Clearances: Better Gauge of Policing Than Crime Rate?


Last year, nine out of 10 Houston murder cases were solved. Or were they, asks the Houston Chronicle? Federal reporting rules can make calculating the number of solved crimes almost as difficult as actually solving them. The Houston Police Department cleared, or solved, 58 percent of the cases involving victims slain in 2008, a figure that puts it close to the national average of about 61 percent. Add in the arrests for murders that occurred in previous years and the clearance rate jumps to 89 percent. Houston, like police departments nationwide, counts a murder solved or “cleared” the year an arrest is made. Cases also can be cleared without an arrest if the suspect is killed or already behind bars.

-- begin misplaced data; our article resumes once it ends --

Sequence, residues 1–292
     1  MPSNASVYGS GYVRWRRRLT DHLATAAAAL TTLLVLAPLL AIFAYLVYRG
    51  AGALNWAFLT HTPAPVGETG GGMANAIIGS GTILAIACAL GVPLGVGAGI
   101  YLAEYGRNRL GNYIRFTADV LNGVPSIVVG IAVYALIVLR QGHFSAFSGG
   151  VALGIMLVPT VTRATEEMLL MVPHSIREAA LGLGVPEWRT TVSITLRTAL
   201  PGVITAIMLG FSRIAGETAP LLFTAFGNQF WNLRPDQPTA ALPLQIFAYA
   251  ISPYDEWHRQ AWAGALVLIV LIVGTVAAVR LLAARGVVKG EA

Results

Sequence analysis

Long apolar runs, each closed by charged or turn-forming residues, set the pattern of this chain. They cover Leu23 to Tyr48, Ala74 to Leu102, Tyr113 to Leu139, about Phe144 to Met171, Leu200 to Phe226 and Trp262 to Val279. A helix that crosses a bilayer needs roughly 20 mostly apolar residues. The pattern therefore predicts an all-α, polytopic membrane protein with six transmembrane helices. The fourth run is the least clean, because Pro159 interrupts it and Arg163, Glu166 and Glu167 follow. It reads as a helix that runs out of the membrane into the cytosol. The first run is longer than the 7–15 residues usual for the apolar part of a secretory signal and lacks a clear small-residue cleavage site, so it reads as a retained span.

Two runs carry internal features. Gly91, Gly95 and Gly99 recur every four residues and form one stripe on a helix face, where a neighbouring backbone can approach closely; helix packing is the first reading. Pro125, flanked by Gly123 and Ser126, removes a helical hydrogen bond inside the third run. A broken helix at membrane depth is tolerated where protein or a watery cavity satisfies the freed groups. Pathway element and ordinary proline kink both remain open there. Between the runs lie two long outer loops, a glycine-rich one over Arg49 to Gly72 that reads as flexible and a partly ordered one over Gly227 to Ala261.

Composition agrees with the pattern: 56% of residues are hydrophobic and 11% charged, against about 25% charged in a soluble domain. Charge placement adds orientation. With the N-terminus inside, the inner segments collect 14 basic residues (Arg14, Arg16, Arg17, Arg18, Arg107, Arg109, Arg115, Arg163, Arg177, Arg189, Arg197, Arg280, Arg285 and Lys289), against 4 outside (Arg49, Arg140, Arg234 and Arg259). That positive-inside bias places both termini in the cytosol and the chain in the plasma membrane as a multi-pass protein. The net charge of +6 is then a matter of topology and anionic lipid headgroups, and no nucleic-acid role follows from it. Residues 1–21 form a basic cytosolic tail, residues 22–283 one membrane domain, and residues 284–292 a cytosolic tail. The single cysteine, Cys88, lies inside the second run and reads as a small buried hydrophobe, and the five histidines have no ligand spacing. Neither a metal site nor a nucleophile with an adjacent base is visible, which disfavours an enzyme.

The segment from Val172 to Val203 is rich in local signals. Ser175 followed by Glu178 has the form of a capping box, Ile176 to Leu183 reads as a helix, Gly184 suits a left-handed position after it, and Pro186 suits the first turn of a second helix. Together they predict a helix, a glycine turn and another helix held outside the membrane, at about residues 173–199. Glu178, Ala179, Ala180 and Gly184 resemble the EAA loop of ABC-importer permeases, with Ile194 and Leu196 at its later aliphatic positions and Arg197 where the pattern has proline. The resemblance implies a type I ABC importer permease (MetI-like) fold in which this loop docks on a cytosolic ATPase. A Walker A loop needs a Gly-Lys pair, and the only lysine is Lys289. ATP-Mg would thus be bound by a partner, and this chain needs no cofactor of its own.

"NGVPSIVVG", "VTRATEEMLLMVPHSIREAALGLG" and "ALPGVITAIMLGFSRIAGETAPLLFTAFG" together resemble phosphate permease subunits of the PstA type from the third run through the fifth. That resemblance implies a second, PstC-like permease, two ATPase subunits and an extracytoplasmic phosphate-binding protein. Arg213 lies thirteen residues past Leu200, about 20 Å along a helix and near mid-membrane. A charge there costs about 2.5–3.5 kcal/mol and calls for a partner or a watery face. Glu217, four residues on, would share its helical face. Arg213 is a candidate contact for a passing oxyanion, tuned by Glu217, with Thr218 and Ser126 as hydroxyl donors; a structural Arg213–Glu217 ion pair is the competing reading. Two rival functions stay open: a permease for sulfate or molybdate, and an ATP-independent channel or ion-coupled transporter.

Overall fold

“The rules on clearance leave a lot of latitude for interpretation,” explains Larry Hoover, director of the police research center at Sam Houston State University. Criminologist Charles Wellford of the University of Maryland pointed out how a police “cold case” unit in Kansas City brought another 15 solved cases for a particular year to its annual murder clearance tally. The department then issued two sets of numbers for that year to explain what it did. Clearance rates, Wellford says , are a better gauge of how well police are performing than the crime rate. Crime rates fluctuate for various reasons. An increase in police hiring, a good economy and low unemployment are factors that can make a crime rate go down as some believe occurred in the mid-to-late 1990s in Houston. A city's annual crime rate has little to do with police performance, Wellford said.

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